Open-source software is endorsed, but issues remain.
Linux has momentum in the financial services industry, but it still has a few more hurdles to clear before winning over Wall Street.
While Linux and open-source software got a resounding endorsement from a panel of vendors and investors during a session at the Linux on Wall Street conference here on April 24 titled "The Next Opportunities and Challenges for Linux and Open Source on Wall Street," they also pointed to some of the challenges facing open source.
Stephen Jenvey, an associate with Fidelity Ventures, which has invested in open-source companies such as SpikeSource, said intellectual property around code remains a huge issue, as does the licensing and implications of that.
"I know for a fact that many companies, including Fidelity, spend a lot of time scrutinizing code and being sure they know what they have and are selling," Jenvey said.
Shaun Connolly, vice president for product management at JBoss, said the more open-source technologies are embraced, the greater the issues arising around this will be.
"It is now enterprise software, and things like patch management and avoiding breaking other components in the stack are issues that enterprise open source has to deal with," Connolly said.
Staying competitive and looking at, evaluating and using new technologies are also challenging, and processes have to be in place to ensure that those co-exist with the existing infrastructure, said Connolly.
Ike Garrido, a director at Egenera, pointed to standards developed by governmental bodies and agencies as a problem.
"Anything the government touches will drive open-source developers away, as the open community is fueled by innovation. Standardization bodies founded by governments tend to limit creativity," Garrido said.
Carl Drisko, Novells Linux and open-source principal, said one of the primary challenges facing open-source software is making sure users can manage the environments that the software set up.
For his part, Brian Behlendorf, founder and chief technology officer of CollabNet, said open-source software projects often take a long time and require passionate developers and companies with long-term vision.
"We have to realize that software is a perishable good, and maintenance is required to maintain the pieces. Good projects also have good community management and are kept as sustainable projects into the future," Behlendorf said.
But, that being said, there is a range of short-term and longer-term opportunities for Linux and open-source software.
Behlendorf said Wall Street companies need the ability to do a real-time integration of data, manage that data and then process it. "But there are a lot of open-source projects working on all that, and these are the kinds of tools people will look at next," he said.
Egeneras Garrido said his companys clients are focused on grid computing but said there is a lot of movement from a Sybase-Solaris environment to a Sybase-Linux or an Oracle-Linux one.
A lot of mission-critical applications are also moving over to Linux, and customers increasingly are becoming more accepting of the provisioning tools required to manage an on-demand Linux data center environment, Garrido said.
"Our clients are ruthless, and they want a competitive edge and will try new software at an early stage if it gives them that," Garrido said. "They also do not want to have to worry about IP issues; they simply want the edge that allows them to trade faster. I dont see them playing nice with one another. They want a single function that lets them cut their trading time and time to market."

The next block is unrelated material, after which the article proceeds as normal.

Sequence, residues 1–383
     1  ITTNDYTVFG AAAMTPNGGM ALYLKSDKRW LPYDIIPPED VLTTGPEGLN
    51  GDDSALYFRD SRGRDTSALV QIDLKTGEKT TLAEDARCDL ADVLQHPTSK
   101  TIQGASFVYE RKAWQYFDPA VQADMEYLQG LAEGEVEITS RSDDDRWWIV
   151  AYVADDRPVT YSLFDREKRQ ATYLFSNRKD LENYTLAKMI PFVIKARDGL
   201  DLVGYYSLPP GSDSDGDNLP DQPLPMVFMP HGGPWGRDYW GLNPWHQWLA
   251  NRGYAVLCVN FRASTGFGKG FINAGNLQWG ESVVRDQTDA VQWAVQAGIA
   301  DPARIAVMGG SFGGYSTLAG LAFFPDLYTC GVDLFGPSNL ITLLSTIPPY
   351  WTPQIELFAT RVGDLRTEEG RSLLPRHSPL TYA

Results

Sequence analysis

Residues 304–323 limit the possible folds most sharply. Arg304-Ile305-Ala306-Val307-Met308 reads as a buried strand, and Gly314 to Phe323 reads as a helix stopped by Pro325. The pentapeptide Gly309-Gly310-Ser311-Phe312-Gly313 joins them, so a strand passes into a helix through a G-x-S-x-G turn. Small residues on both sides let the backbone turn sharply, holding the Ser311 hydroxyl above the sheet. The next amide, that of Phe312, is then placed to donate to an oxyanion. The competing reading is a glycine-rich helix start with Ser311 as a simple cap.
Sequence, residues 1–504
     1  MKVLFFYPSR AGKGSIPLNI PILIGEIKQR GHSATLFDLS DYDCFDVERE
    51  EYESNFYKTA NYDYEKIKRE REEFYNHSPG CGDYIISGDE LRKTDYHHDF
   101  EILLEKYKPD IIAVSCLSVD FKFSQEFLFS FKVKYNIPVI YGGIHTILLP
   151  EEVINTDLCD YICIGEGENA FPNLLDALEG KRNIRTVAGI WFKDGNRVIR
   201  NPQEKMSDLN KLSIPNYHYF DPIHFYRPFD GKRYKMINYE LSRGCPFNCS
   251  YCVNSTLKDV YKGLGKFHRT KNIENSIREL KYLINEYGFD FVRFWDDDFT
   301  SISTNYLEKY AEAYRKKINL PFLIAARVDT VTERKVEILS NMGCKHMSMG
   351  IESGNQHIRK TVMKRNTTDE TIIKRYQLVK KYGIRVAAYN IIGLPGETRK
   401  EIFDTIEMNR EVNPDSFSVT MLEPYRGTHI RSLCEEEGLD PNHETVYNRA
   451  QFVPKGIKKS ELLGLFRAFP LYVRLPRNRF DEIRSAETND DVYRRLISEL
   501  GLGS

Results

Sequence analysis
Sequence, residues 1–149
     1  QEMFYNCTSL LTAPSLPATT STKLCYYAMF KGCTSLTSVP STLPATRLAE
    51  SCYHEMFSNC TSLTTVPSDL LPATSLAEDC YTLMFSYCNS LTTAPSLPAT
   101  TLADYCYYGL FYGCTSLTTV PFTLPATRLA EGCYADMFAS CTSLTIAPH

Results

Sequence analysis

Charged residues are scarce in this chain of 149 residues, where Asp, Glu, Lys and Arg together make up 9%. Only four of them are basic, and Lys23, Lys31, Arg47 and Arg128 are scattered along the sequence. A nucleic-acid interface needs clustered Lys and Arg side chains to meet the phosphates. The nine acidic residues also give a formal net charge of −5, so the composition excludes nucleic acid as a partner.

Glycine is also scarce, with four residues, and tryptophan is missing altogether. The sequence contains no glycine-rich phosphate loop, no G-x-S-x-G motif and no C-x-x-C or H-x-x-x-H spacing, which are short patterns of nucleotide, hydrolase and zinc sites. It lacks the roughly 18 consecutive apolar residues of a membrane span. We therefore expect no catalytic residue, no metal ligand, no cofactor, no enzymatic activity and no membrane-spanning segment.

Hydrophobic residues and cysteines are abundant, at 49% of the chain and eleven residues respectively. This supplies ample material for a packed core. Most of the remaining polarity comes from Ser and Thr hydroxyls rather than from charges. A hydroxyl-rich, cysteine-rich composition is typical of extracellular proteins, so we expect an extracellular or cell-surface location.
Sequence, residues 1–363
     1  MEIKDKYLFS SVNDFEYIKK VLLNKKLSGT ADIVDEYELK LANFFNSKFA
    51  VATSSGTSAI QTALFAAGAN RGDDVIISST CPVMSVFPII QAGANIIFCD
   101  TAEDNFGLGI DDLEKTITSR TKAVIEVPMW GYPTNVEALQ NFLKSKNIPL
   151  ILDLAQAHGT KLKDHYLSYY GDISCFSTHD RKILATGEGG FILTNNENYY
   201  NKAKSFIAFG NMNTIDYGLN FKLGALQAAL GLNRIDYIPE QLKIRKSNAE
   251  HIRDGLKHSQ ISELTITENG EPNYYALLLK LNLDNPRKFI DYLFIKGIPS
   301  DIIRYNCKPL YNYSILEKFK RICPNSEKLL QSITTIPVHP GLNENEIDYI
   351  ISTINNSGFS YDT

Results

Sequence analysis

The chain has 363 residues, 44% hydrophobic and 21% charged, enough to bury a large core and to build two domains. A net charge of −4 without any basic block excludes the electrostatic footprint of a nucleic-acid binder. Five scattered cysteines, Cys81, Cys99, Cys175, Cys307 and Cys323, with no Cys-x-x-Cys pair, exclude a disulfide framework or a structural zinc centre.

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Peter Galli has been a financial/technology reporter for 12 years at leading publications in South Africa, the UK and the US. He has been Investment Editor of South Africa's Business Day Newspaper, the sister publication of the Financial Times of London.
He was also Group Financial Communications Manager for First National Bank, the second largest banking group in South Africa before moving on to become Executive News Editor of Business Report, the largest daily financial newspaper in South Africa, owned by the global Independent Newspapers group.
He was responsible for a national reporting team of 20 based in four bureaus. He also edited and contributed to its weekly technology page, and launched a financial and technology radio service supplying daily news bulletins to the national broadcaster, the South African Broadcasting Corporation, which were then distributed to some 50 radio stations across the country.
He was then transferred to San Francisco as Business Report's U.S. Correspondent to cover Silicon Valley, trade and finance between the US, Europe and emerging markets like South Africa. After serving that role for more than two years, he joined eWeek as a Senior Editor, covering software platforms in August 2000.
He has comprehensively covered Microsoft and its Windows and .Net platforms, as well as the many legal challenges it has faced. He has also focused on Sun Microsystems and its Solaris operating environment, Java and Unix offerings. He covers developments in the open source community, particularly around the Linux kernel and the effects it will have on the enterprise.
He has written extensively about new products for the Linux and Unix platforms, the development of open standards and critically looked at the potential Linux has to offer an alternative operating system and platform to Windows, .Net and Unix-based solutions like Solaris.
His interviews with senior industry executives include Microsoft CEO Steve Ballmer, Linus Torvalds, the original developer of the Linux operating system, Sun CEO Scot McNealy, and Bill Zeitler, a senior vice president at IBM.
For numerous examples of his writing you can search under his name at the eWEEK Website at www.eweek.com.